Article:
US personalized online radio provider Slacker has thrown its hat into the on-demand music ring by launching a $9.99 a month on-demand streaming music service with offline playlists. Yes, that is indeed akin to launching Spotify in the US before Spotify does. You can just imagine the grin on some of the faces on both sides of the negotiating table when Slacker tied up this deal with rights owners . . .
So, would-be US music subscription customers are now spoilt for choice, with the top-tier options including stalwarts Rhapsody and Napster, newcomers MOG and rdio, and now Slacker. The only problem is that US consumers are lukewarm about subscriptions. No US service has broken the 1 million paying subscribers mark, despite years of trying, and others have simply given up completely, including the heavily funded Yahoo Music service.
Slacker will rightly argue that it is entering the market with a differentiated mix of complementary tiers: its free, ad-supported Pandora-esque personalized radio tier is a genuine complement to a premium on-demand tier in the way that a free, ad-supported, on-demand tier a-la-Spotify is not. The former helps drive discovery and meets different usage needs, while the latter is just a watered-down version of the premium tier.
But that still won’t be enough. The premium subscription market hasn’t failed to break through to the mainstream for all these years through a lack of availability or the quality of services (Rhapsody still makes a pretty good claim for being the best programmed music service out there). The reason consumers have held back is simple:
$9.99 subscription rentals are not a mass-market value proposition.
One of the themes that we write about a lot here in the Consumer Product Strategy team is disruption. Time and time again, incumbent traditional companies fail to respond effectively to the disruptive threat of innovative competitors and/or technology and as a result find themselves either utterly destroyed or dramatically reduced. Think Nokia’s response to the iPhone, think the record labels’ response to Napster et al. The thing about the labels, though, is that they have a monopoly of control of supply, so instead of being usurped by new entrants, disruption has whittled away the best part of half of their business over the last decade or so.
Which brings us onto Google Music, which looks set to launch today with no more than a locker service. More to the point, an upload-your-music-collection locker service (with limits) rather than a point-and-match service. Which means sitting down and painfully uploading all your songs to the cloud. Sort of like the first time you ripped your CDs, except slower and more painful. Upload locker services – arguably – don’t require rights owner licenses; point-and-match services do. Licenses that service providers such as Google argue are too expensive. Thus Google has followed Amazon’s lead, bypassing label licenses in favour of a – supposedly – DMCA and Fair Use compliant service.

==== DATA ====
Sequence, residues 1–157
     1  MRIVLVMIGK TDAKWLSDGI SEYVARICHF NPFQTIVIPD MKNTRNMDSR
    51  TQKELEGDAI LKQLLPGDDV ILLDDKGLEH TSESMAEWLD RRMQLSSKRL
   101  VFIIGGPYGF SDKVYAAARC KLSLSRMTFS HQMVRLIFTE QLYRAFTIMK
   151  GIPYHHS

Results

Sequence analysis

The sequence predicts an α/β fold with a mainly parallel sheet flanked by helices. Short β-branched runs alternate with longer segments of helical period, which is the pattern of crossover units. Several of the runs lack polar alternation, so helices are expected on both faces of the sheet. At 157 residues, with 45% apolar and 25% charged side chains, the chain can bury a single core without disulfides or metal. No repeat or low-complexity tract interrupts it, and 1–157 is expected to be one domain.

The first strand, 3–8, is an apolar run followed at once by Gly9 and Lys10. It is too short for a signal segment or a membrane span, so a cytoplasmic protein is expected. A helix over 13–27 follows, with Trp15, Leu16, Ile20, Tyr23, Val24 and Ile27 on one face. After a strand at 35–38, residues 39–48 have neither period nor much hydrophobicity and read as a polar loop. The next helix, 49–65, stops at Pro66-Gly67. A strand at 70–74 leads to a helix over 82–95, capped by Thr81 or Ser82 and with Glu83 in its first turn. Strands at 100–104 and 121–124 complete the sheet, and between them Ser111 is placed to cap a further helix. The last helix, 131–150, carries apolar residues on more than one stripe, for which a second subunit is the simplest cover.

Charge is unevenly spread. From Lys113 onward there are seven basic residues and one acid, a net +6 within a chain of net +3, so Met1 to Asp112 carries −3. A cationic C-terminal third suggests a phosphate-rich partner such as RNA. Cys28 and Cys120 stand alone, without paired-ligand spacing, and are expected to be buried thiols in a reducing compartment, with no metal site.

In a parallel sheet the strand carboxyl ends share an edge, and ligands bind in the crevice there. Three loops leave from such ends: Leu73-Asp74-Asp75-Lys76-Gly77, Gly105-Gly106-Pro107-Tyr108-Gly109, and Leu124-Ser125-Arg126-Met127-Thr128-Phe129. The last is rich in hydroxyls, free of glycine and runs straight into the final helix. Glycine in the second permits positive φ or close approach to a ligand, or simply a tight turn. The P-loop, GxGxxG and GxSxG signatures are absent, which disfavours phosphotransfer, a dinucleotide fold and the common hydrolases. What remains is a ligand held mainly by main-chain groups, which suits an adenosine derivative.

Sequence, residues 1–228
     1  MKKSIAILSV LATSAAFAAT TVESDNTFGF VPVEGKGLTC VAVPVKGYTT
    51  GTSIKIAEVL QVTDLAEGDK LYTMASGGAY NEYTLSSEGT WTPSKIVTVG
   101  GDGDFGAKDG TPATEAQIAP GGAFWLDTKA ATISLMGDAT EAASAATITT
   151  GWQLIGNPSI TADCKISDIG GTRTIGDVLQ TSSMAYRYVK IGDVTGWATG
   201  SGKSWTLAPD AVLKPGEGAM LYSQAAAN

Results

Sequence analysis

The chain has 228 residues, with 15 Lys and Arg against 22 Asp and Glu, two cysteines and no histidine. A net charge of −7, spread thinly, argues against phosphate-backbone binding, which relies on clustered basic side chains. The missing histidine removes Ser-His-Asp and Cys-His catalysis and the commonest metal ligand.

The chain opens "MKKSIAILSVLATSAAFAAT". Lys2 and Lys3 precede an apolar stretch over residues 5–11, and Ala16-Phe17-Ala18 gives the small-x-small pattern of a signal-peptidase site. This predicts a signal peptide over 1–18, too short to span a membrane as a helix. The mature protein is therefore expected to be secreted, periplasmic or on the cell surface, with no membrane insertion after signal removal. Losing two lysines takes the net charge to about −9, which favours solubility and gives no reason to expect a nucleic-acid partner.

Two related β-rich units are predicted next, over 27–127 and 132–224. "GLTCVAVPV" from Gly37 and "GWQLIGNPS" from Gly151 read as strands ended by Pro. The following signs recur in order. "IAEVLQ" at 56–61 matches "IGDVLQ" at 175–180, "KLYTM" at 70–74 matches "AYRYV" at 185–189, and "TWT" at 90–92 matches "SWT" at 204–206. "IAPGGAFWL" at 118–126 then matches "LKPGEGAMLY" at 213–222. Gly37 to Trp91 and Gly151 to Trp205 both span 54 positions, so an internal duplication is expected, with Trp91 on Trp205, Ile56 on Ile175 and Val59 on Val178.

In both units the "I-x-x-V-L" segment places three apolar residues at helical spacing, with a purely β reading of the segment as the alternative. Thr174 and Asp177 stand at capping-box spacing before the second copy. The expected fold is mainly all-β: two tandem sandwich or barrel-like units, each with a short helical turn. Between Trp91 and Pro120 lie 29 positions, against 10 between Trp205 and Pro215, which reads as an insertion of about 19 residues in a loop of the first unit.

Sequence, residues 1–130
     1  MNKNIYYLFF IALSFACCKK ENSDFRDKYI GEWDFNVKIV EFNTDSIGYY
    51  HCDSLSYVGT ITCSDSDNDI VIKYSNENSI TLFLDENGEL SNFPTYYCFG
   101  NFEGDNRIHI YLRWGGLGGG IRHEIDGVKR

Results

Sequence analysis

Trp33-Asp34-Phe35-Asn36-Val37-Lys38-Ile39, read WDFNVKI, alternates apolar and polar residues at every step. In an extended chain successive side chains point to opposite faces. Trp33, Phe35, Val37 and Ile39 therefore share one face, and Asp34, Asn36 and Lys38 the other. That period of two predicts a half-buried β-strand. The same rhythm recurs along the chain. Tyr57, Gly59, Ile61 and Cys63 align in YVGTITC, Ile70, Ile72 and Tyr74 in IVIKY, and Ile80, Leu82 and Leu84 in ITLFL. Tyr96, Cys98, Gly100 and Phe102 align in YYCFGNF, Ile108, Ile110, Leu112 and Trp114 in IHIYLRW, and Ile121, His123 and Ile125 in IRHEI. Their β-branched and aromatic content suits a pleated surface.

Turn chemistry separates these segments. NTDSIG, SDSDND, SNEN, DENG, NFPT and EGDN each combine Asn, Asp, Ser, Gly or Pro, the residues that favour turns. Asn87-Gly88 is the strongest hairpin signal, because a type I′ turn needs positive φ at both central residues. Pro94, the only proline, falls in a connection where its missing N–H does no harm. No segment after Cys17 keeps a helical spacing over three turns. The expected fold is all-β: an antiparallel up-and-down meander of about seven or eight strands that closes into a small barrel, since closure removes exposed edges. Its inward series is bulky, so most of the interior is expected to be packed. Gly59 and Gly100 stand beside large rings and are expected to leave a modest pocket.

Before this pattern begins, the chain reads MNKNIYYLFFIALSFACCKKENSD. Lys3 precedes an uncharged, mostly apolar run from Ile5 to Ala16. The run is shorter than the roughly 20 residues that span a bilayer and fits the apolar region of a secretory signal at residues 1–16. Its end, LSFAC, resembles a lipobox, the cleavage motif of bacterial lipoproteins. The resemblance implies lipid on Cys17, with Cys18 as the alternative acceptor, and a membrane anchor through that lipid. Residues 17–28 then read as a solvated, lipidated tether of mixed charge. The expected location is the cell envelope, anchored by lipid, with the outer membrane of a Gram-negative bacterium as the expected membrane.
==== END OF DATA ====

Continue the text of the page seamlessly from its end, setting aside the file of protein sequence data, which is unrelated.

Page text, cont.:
So with all the expectation surrounding Google’s move into music, why is this all it has come to market with? Google lays the blame firmly at the feet of the labels.
Spotify has today anounced a series of new features which the Swedish streaming service hope will position it in direct competition with iTunes. New features include a download store selling discounted playlists, playlist synching with iPods and iPhones, and turning the Spotify client into a music management tool. Have no doubt, these really do add up to competing with Apple head-on, something that few succeed at.
Apple dominates the paid digital music business, and it does so because of its device-service ecosystem. To badly misquote Bill Clinton: "It’s the iPod, stupid." The majority of iPod owners don’t even buy music regularly, but those that do still make Apple way out-perform pure-play download stores. iTunes Music Store downloads are effectively monetized CRM.
Apple has innovated its music offering so little (thus far) because:
a) What it's got has been doing a good-enough job -- up to now -- of enriching the device value proposition (the coming cloud strategy reflects a recognition that downloads alone soon won’t be enough).
b) Nobody (not even price-slashing Amazon.com) has seriously eaten into Apple’s market share.
Without the device ecosystem, third parties have failed to break Apple’s digital hegemony. So why on earth is Spotify trying to do so now? Why compete directly with Apple when it's done so well at competing around Apple?